Zeba: Yeah. I do think it's significant though to see how Hannah and Marnie's places have kind of changed. Hannah's the one with a boyfriend and a somewhat budding career (the whole e-book thing is still hilarious), and Marnie's just been left by Charlie (wonder how things would have gone had Chris Abbot not peaced out). I think Marnie is an interesting character in her uninterestingness - she's that wack girl we all know who seems to have everything going for her with very little effort, and it's only when she loses it all that you start to realize none of her good fortune was of her own doing. It'll be interesting to see whether or not Marnie can pull it together. I will say the scenes with Rita Wilson were hilarious, though. The taco dinner scene was also pretty good. Shoshana is growing on me
Fariha: Definitely. Marnie really is the one that should, as society dictates, be in a "good" place and I think having that critique of "none of her good fortune was of her own doing" is a really cool thing to be discussing on a TV show. It’s a progressive and smart anecdote -- and, also, a compelling way to look at the structure of “adulthood” and “success.” We're not used to being told that we can't have it all, and I think Marnie is definitely not the type of girl to expect not to have it all. Yet, here she is -- boyfriendless and out of work -- drifting through confusion and obsessing over the failure of her relationship with Charlie, which from experience, definitely acts as a conduit to disengage with the proverbial “larger issues.”
I really liked the taco dinner too. I love Adam's weird and surprisingly insightful perspicacious advice. He seems so resentfully helpful and his aloofness is endearing. I really liked the shot of him talking to Marnie about his "Colombian girlfriend" that went to "Columbia."
Zeba: Thing is though I should have added to my previous statement "that wack white girl we all know" because true tea, this show is most fascinating in how it (probably unintentionally) takes down some of the privilege that goes with being a white girl just trying to "find herself" in this so-called structure of adulthood and success. To keep it all the way real, as a black girl watching this show, I can't relate to any of these characters. Maybe that's part of what makes it fun to watch. They're very well crafted archetypes of people (including some friends, yes) who I can easily identify in real life. It's fascinating. Speaking of which - so, now we know were Jessa went. She's in rehab! With Richard E. Grant! Who was oddly sexy?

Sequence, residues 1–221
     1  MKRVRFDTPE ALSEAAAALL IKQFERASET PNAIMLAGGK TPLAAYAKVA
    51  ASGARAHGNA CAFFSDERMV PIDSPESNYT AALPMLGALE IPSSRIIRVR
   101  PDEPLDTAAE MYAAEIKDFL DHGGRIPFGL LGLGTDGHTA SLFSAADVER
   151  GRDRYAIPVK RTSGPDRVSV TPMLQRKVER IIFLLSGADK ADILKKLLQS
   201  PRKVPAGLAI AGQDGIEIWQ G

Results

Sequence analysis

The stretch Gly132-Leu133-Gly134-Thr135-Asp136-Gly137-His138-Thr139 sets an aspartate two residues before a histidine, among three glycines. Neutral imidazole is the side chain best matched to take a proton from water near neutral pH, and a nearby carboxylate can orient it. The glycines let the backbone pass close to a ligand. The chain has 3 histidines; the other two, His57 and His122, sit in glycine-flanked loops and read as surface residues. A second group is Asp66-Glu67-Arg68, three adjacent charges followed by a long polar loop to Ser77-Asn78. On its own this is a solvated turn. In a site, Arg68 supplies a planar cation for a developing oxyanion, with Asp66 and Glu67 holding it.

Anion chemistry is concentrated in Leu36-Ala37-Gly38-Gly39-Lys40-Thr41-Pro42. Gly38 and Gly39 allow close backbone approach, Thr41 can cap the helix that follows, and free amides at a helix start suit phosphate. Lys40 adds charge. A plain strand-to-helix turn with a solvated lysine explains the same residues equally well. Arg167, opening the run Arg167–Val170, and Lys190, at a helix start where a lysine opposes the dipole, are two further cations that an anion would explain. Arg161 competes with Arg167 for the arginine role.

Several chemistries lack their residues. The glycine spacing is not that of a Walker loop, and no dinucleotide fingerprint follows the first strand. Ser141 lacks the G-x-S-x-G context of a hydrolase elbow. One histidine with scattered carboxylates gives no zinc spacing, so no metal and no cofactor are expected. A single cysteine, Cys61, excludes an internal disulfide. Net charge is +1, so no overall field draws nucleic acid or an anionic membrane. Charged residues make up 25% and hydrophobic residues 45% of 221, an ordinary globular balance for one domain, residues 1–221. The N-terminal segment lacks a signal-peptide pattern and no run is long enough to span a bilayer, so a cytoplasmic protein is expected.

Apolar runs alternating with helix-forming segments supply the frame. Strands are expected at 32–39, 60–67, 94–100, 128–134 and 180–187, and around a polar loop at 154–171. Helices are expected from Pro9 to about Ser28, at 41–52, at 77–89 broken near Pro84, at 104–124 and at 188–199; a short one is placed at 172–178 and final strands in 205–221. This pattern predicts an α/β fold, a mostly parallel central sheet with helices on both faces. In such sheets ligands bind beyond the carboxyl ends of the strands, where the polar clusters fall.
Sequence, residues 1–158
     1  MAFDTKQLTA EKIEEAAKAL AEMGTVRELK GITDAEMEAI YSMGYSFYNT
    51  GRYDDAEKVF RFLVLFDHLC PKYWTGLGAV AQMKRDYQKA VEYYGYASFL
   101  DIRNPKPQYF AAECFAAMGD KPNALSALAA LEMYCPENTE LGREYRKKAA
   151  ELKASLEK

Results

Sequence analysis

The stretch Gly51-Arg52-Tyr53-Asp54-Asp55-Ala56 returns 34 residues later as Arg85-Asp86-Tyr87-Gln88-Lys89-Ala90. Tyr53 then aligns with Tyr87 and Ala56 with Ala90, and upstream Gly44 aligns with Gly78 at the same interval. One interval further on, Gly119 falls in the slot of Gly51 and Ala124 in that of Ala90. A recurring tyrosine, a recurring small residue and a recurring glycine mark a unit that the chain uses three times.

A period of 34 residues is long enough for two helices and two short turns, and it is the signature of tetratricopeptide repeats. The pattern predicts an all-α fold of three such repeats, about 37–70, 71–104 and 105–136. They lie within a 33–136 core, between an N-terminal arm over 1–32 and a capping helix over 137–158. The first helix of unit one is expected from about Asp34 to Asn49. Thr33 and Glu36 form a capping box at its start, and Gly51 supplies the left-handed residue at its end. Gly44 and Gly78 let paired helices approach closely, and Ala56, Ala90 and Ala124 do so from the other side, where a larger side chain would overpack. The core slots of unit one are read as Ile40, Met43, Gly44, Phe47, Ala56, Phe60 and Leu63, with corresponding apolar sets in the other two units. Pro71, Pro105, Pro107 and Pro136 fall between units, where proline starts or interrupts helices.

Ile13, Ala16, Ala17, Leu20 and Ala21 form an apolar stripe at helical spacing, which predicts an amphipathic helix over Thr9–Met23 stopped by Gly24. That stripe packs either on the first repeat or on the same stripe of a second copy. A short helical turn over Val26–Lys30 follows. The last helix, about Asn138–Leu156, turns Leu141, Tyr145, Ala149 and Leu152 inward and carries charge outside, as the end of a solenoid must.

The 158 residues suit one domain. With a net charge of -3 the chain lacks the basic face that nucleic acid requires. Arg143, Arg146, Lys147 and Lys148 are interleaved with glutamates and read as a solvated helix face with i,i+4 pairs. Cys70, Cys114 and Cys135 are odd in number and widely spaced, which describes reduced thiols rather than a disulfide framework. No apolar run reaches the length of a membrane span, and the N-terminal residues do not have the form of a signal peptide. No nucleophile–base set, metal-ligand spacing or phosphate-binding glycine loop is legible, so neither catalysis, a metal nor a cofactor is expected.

Fariha: Richard E. Grant is so sexy. I found it also very smart that although you could recognize that Grant's character was a total asshole there were those drawn out moments that you were hoping that he would prove to be redeemable, which in the end -- he didn’t. But there was that tension built that established a sense of anything goes, that sense of an unformed dubiousness, and that makes for good writing and good entertainment. Nothing is good when it’s predictable.
Zeba: I found his scenes with Jessa to be by far the most engaging thing about the two-episode premiere. You could see the fact that he was actually an asshole coming from a mile away, with the effortlessly disheveled hair and all those fatherly pieces of wisdom that didn't actually make any damn sense and what not. However. We should probably talk about the Black Girl in the Room.
Fariha: Or, as Jessa likes to refer to her as the "Fat, Black Lesbian."
Zeba: Let me just say that this is exactly what I knew would happen. It's frustratingly predictable. Last year, it was announced that Danielle Brooks, who we all loved on Orange is the New Black, would be on S3 of Girls. But the role and how big it was supposed to be was pretty much unknown. But I knew it was going to be a minuscule role designed solely as a prop to move along the story of a white character. So Danielle was there to show us how messed up Jessa is, and ultimately get her kicked out of rehab. I'll just say it: Girls does NOT know what to do with black characters (or gay characters, for that matter).